2b) Audit logins from yesterday. Why you are going to be looking at os_username / username / userhost to see if people are logging in from multiple workstations. This could be an indicator of a username/password being shared. Another reason I do this audit is to check os_username / username. Is the user using their proper account. I have issues in the past where a user was using the application login to do their normal work. This audit showed this and allowed us to correct the situation.

2c) Audit logins for the past 31 days. This gives you a 30,000 foot picture on how often users are connecting and are then disconnecting at the end of the day.

set heading off 
set pagesize 1000
set linesize 132
set serveroutput on
col object_name format a24
col object_type format a24
col doctype format a10
col userhost format a40
col os_username format a15
col username format a15
col terminal format a15
spool $HOME/session_audit.txt
select 'login failures' from dual;
select os_username,
username,
userhost,
terminal,
to_char(timestamp, 'dd-mon-rr hh24:mi')
from dba_audit_session
where returncode != 0
and trunc(timestamp) >= trunc(sysdate-1)
and username != 'DUMMY'
order by timestamp
/
select 'logins yesterday' from dual;
select os_username,
username,
userhost,
count(*)
from dba_audit_session
where trunc(TIMESTAMP) >= trunc(sysdate-1)
and username != 'DUMMY'
and action_name != 'LOGOFF BY CLEANUP'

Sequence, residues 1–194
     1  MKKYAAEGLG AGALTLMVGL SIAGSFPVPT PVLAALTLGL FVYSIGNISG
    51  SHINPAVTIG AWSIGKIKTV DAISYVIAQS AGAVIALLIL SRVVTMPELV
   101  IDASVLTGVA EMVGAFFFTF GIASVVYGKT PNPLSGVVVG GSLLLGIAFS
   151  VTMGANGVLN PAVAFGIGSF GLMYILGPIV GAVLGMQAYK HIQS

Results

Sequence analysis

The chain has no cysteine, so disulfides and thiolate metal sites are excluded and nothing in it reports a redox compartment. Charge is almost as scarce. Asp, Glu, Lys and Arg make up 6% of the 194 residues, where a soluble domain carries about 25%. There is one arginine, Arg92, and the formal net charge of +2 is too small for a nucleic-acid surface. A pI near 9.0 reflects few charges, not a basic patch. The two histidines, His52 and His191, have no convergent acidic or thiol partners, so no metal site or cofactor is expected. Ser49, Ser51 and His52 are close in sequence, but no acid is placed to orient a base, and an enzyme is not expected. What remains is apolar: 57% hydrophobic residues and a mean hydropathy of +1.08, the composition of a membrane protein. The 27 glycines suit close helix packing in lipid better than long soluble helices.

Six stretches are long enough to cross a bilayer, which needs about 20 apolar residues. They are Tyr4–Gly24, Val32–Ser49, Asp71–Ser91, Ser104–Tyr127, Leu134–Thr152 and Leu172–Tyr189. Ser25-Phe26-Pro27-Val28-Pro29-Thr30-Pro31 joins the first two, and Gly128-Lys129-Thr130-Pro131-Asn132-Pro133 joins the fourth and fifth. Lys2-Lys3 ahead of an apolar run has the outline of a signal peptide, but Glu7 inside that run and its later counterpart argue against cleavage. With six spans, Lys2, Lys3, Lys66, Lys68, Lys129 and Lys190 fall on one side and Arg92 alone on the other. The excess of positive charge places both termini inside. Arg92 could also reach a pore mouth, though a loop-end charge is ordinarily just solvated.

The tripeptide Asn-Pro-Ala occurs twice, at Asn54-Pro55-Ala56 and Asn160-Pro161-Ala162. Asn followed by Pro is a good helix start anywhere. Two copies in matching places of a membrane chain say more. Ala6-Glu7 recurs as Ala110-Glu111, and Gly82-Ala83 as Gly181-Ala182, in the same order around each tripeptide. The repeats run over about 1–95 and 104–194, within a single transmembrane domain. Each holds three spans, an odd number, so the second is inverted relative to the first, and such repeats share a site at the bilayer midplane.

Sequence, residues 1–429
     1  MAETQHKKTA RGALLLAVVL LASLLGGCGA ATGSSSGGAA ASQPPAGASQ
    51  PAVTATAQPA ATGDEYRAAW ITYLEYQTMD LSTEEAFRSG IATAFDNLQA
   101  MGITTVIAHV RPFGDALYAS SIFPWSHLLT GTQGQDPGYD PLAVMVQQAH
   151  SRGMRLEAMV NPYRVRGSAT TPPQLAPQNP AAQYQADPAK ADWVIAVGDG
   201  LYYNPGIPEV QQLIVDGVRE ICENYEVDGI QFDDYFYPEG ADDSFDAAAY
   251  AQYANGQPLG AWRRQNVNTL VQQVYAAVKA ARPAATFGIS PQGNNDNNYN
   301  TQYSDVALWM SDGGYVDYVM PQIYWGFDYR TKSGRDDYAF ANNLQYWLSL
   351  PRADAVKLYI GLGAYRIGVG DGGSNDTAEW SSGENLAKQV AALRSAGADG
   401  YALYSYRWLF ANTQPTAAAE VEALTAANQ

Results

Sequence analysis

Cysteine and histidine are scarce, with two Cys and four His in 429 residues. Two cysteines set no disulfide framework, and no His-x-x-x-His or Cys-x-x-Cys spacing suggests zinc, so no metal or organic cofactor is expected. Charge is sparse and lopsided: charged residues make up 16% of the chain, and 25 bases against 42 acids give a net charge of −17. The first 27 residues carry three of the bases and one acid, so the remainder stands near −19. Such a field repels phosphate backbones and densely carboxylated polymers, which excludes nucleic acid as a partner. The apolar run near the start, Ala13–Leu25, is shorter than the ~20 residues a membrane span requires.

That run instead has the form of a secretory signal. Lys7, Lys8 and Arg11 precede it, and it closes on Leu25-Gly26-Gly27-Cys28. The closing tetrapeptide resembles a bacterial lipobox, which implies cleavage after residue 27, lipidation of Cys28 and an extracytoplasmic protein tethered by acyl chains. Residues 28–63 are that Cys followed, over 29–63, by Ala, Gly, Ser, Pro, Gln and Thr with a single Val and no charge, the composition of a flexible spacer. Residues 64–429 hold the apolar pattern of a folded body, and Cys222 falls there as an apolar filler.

group by os_username,
username,
userhost
order by os_username,
username
/
select 'logins last 31 days' from dual;
select os_username,
username,
userhost,
count(*)
from dba_audit_session
where trunc(TIMESTAMP) >= trunc(sysdate-31)
and username != 'DUMMY'
and action_name != 'LOGOFF BY CLEANUP'
group by os_username,
username,
userhost
order by os_username,
username
/

2d) Audit changes to any database objects. This is a simple query you can start with. You are checking objects based on last_ddl_time and created.

select 'changed / created objects last 24 hours' from dual; 
select owner,
object_type,
object_name
from dba_objects
where (trunc(created) >= trunc(sysdate-1)
or trunc(last_ddl_time) >= trunc(sysdate-1))
order by owner, object_type, object_name
/

2e) Use a product like tripwire to check for any changes to ORACLE_HOME. You can also roll your own but getting a checksum of all the files in ORACLE_HOME, than doing the check everyday to see if a file has changed. (there are some files you will want to filter because they change in the normal course of operations)

3) Identify the sensitive data in your database. How can you know what to protect if you don’t know what is sensitive? When you identify what is sensitive, it’s easier to track that data through your enterprise to limit access to the data.

Now there is something most people know but don’t realize they know. You can have a simple piece of data, that by itself is not sensitive, but when combine it with other data that’s not sensitive and now you have sensitive data. IE: I’m Robert, that by itself is not vary valuable. Combine that with my zip code that is not very sensitive and you have narrowed down the universe of Roberts’. Next add that I drive a Ford F150 and a BMW R1150RS, now you have uniquely identified me.

3b) If you have not already done so, you can reverse engineer your application scheme into Oracle SQL Developer Data Modeler. SQL Developer Data Modeler has the ability to mark and report columns that are sensitive.

Heli made a blog entry on how to mark and report on sensitive data in SQL Developer Data Modeler. Sensitive Data From Heli